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Health Care Reform in Arizona - AZ Business Magazine Nov/Dec 2010

Business And Community Leaders Are Trying To Figure Out What Health Care Reform Will Mean In Arizona

For government and business, providers and patients, the U.S. health care reform legislation promises a new world of costs and care.

Most individuals without insurance will be able to get it. Those who have insurance already probably will have to pay more for it. Hospitals, doctors and others in the front lines of health care will begin to change long-established ways of doing business. State governments and many businesses, already battered by recession, will face new costs and possibly some benefits.

But beyond these generalizations, little is certain about what health care reform will mean in Arizona and across the country. The bill is vague in many areas and leaves important details of implementation to be determined by federal regulators and other officials in the weeks and months ahead.

“Quite frankly, we won’t know the financial impacts until we move through the process and see what the federal government and insurance companies do,” says Donna Davis, chief executive officer of the Arizona Small Business Association (ASBA).

Barry Broome, president and chief executive officer of the Greater Phoenix Economic Council (GPEC), says it is too early know what the bill will mean.

“It sounds very good to be able to cover the uninsured, but what the costs are and how they are going to be distributed are still not clear,” he says.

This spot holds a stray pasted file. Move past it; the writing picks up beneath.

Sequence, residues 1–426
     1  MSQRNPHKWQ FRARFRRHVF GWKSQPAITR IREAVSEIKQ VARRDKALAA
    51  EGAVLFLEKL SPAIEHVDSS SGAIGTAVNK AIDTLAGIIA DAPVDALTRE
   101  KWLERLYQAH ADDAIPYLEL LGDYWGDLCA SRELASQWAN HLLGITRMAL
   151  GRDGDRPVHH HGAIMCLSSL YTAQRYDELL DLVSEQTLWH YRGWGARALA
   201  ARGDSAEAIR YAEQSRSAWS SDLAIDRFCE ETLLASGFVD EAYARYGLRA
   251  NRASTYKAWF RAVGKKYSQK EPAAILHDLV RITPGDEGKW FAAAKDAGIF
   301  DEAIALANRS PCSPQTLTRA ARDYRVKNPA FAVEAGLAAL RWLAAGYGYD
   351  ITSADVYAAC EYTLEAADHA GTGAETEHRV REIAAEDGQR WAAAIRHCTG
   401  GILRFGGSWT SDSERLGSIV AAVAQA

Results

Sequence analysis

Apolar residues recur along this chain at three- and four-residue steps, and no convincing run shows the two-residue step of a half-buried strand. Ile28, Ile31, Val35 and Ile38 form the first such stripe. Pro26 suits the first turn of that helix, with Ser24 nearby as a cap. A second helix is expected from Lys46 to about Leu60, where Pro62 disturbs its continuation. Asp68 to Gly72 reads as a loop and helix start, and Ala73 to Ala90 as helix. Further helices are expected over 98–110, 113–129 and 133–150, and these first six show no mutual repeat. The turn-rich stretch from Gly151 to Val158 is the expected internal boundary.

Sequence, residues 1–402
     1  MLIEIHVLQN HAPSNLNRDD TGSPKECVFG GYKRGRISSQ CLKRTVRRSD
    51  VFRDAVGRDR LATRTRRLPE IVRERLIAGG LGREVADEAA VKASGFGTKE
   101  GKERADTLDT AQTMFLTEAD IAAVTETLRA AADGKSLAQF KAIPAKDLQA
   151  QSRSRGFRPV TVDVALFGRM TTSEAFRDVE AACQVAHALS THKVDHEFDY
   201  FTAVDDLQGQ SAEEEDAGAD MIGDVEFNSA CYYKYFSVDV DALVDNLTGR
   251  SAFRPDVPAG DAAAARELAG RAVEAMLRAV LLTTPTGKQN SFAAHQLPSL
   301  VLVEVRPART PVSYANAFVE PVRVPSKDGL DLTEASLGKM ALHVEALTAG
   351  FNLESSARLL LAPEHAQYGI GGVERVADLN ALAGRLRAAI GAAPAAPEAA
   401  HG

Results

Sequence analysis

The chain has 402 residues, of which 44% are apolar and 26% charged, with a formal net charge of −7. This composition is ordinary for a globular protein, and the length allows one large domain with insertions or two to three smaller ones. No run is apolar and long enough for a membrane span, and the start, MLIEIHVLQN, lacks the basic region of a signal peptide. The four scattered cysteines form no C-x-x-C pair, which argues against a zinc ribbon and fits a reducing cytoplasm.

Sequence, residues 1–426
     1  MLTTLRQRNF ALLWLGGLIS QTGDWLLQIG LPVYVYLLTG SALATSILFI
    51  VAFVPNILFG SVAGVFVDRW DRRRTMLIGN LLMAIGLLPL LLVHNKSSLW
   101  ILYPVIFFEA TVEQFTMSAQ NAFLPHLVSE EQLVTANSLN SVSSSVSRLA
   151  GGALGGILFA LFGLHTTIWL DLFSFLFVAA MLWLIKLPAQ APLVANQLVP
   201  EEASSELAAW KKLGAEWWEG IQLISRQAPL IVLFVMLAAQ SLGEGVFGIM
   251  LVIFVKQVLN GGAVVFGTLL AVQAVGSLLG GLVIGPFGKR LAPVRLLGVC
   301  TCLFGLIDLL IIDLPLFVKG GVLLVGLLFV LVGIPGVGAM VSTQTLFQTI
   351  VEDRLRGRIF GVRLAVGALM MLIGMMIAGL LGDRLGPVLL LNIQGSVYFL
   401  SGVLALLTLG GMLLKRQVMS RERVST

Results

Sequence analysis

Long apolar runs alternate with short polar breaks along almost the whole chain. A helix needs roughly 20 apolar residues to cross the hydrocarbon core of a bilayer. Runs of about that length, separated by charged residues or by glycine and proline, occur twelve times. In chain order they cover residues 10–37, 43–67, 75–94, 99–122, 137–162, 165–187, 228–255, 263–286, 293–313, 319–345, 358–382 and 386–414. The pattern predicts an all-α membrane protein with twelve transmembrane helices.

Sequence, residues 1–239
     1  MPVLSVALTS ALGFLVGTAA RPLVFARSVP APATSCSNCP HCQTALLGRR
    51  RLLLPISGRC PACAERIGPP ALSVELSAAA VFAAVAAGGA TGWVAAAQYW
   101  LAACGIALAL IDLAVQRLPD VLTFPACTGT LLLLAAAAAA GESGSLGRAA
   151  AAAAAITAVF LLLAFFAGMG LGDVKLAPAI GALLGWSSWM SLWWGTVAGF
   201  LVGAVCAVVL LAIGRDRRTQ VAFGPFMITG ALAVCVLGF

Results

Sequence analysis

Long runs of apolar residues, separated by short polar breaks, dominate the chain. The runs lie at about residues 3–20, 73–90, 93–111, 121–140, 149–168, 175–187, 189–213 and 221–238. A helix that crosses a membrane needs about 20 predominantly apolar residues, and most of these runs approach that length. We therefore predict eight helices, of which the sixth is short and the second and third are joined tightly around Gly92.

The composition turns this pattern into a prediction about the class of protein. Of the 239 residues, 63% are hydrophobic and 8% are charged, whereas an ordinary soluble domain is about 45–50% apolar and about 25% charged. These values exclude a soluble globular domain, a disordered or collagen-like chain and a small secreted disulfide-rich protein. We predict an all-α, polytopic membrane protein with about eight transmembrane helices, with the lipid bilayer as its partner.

Marjorie Baldwin, director of the School of Health Management and Policy and assistant dean at Arizona State University’s W. P. Carey School of Business, says it is important to note that the law’s primary purpose is to cover the uninsured.

“This bill is about access,” Baldwin says. “It’s designed to cover the uninsured. There is much less in it about quality of care and little about cost controls.”

On what the price tag for health care reform will be, Baldwin says, “The one safe prediction is that it is going to cost much more than anticipated.”

Hospitals and doctors
Whether the health care overhaul is ultimately deemed a success will be determined to a large extent by what happens inside the nation’s hospitals, clinics and doctors’ offices.

Peter Pavarini, a health care lawyer for Squire, Sanders and Dempsey and an adviser to health care organizations, believes hospitals are actually well-positioned to adapt to the new law.

“Hospitals have been anticipating something happening for some time,” Pavarini says. “Hospitals have the resources to prepare better than some of the other players in the health care system.”